Supermodel, refugee, UNHCR Ambassador: Alek Wek details the traumas of fleeing from war


As European leaders meet Tuesday to discuss a united response to the flood of refugees from the Syrian Civil War, spoke with international supermodel Alek Wek, Goodwill Ambassador to the United Nations High Commission for Refugees. Wek, herself a refugee from South Sudan, describes the trauma of fleeing a war-torn home to seek asylum in a new land.

UN Video Shows Refugees and Migrants at Croatian Border
UN Video Shows Refugees and Migrants at Croatian Border

In 1997, 19-year-old supermodel Alek Wek was a year into a fruitful career in fashion -- she was named "Model of the Year" by MTV, appeared in music videos by Tina Turner and Janet Jackson and was the first African model to ever appear on the cover of Elle magazine.

But when she went home after a day of fittings and photo shoots, dark memories of a former life would haunt her.

"I would wake up with nightmares if I heard like a sound of a movie I left running, and then I'd have to remind myself that it's okay now, it's safe," Wek, now 38, told AOL in an exclusive interview.

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Just four years before she was discovered by a modeling scout in a park in England on a Sunday afternoon, Wek, who was then 12, and her family fled their South Sudanese village, which was torn apart by a vicious civil war that killed two million citizens, including many of her friends and neighbors.

"It was very scary at the middle of the night. That's when the militias come, and some of our neighbors were disappearing, and all of a sudden you would smell something that was like dead animals, except it's actually human beings," she said. "It was just horrible. Your mother and father are trying to shield you from the horrific experience of 'Mom, why did our neighbors disappear?' This is somebody who is like your family."

Wek was raised in Wau, Sudan, in a "very basic" community with no electricity, but she fondly remembers the "richest" upbringing before the war turned it upside down.

"On the weekend, I would take my mother's cattle, bringing them back safe in the evening without them eating other peoples crops and getting chased down. It was just the sweetest thing, spotting planes, and imagining where those planes go," she recalled.

After being barricaded in their home for three days due to looting, killing and shelling, as a result of burgeoning conflict in the area, Wek found herself walking miles and miles in the bush with her family, with no destination in sight and no time to pack her belongings.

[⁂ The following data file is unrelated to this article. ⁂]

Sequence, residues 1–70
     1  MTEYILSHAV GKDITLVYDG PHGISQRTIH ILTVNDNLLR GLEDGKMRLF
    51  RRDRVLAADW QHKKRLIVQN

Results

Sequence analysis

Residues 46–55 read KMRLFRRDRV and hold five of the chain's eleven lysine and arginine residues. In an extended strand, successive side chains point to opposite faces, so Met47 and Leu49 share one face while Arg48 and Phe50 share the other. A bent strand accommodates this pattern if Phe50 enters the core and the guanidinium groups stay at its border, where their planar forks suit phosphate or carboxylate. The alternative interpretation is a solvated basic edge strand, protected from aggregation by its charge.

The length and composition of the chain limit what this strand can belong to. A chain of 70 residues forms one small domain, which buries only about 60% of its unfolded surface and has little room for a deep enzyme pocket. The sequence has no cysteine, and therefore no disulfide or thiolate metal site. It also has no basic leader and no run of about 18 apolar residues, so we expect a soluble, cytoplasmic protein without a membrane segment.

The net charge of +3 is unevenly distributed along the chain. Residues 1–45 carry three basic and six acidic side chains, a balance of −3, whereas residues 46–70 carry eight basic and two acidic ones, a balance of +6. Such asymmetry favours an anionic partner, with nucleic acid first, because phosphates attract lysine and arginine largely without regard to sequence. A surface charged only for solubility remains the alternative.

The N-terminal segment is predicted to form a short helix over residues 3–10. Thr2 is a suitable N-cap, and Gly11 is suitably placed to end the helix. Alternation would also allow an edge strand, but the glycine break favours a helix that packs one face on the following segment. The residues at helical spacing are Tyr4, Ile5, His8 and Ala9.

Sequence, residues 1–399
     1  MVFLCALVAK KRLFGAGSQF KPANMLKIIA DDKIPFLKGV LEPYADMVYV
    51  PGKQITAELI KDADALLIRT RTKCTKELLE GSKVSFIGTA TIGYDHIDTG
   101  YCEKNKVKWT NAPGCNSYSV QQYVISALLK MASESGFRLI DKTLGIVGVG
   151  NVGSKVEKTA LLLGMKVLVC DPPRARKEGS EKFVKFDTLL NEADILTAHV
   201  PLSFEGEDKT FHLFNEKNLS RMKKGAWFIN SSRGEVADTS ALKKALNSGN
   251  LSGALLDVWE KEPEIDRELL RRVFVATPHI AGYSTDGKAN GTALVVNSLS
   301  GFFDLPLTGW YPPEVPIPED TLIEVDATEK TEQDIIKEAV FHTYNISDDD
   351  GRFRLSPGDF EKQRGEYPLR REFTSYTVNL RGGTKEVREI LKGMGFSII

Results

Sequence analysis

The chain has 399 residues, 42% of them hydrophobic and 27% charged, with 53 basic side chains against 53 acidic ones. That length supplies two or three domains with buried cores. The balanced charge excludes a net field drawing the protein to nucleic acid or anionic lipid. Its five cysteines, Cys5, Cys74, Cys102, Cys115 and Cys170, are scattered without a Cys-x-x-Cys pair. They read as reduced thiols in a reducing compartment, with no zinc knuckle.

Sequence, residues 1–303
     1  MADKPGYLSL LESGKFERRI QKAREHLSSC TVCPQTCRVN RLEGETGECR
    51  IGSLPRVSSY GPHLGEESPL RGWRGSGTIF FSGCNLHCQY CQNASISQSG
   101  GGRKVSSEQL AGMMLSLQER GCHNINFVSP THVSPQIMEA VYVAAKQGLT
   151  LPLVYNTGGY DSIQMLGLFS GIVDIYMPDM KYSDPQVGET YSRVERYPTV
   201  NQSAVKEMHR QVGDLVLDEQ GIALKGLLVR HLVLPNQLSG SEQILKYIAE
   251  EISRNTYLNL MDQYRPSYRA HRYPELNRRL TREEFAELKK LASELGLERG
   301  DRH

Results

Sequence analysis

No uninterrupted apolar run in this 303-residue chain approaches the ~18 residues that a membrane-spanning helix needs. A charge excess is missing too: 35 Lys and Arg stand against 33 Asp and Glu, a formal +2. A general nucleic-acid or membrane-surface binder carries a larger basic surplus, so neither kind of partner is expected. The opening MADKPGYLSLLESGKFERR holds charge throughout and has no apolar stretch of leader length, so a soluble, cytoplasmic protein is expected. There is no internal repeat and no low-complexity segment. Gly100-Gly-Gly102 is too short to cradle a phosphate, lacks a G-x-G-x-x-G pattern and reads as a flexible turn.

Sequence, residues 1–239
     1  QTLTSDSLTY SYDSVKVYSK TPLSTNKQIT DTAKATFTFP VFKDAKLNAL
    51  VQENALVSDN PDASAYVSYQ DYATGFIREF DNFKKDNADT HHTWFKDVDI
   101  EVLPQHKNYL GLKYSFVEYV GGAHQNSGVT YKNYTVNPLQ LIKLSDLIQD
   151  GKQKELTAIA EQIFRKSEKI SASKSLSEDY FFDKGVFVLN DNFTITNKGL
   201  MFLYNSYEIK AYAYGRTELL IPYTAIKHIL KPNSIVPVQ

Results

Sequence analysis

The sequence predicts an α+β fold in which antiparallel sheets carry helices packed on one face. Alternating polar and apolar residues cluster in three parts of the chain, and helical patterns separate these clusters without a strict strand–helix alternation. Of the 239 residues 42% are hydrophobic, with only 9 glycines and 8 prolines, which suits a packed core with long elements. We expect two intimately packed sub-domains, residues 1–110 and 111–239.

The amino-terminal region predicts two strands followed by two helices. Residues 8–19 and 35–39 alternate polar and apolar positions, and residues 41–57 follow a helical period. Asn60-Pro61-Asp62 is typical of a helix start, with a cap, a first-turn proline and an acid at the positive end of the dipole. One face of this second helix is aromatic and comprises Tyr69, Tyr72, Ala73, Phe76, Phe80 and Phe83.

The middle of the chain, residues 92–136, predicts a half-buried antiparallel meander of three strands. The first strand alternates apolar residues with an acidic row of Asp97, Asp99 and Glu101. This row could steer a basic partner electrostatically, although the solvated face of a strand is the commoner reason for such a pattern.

"I was really really scared, and I was really hurt not knowing when we'd go back to school, not knowing what happened to my friends. Living for two weeks out of fruits and vegetables from the bush ... Your mom is literally marching — and it was rainy season — to like nowhere. And I could just see my parents looking at each other like where do we go?" she said.

"That was really, really painful as a young person, and seeing my parents vulnerable -- that's when I realized that this is really serious."

Wek's story is especially relevant today amid a massive global migrant crisis garnering major mainstream attention, as millions of people flee Syria, resulting in 4 million Syrian refugees around the world, according to the United Nations High Commissioner for Refugees (UNHCR), the UN refugee agency for which Wek serves as an ambassador.

See Syrian refugees entering Europe:

One of the challenges of Wek's work is bringing awareness to the issue and sparking compassion among people who haven't experienced war and displacement.

"We think we have so many differences because we come from different cultures, but at the end, we have the fundamental similarities which is family is family, values are values and morals are morals. We shouldn't stigmatize refugees because it's just like how would you feel if someone segregated you? How would you feel if someone made you and your family vulnerable?" she said. "We can't understand exactly what it's like, but we can feel."

When Wek's family was trudging for miles through the bush in 1991, the Second Sudanese Civil War and the four million people it displaced weren't in the international forum. Wek recalled meeting hotel maids in New York City when she was working as a model who had no clue about the war. Now, as the European migrant crisis has been elevated in the public eye, Wek has more hope for families and individuals experiencing displacement.

PHOTOS: See Alek Wek's return to Southern Sudan with the UNHCR

"The fact that the outcry in the public has really come out -- that shows the humanity," she said about the current crisis. "And that's one of the reasons I try to do as much work with the UNHCR because they are the front line. Not just when its like everyone is being aware of what's going on. They're there when it begins. They're there when the crisis is going on. They're there when it dies down."

The UNHCR leads and coordinates international action to assure the well-being of refugees and resolve refugee problems worldwide. For Wek, whose father was adamant about her going to school "just like the boys," that means getting to the "root of the problem" -- education.

"Like they say, teach a man to fish, so that they can be able to fend for themselves for life, long term ... The children in the refugee camp should be studying, people should have skills," she said. "My father said something to me once: 'You can lose almost everything, but you can never lose your education.' "

See Alek Wek through the years:

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Originally published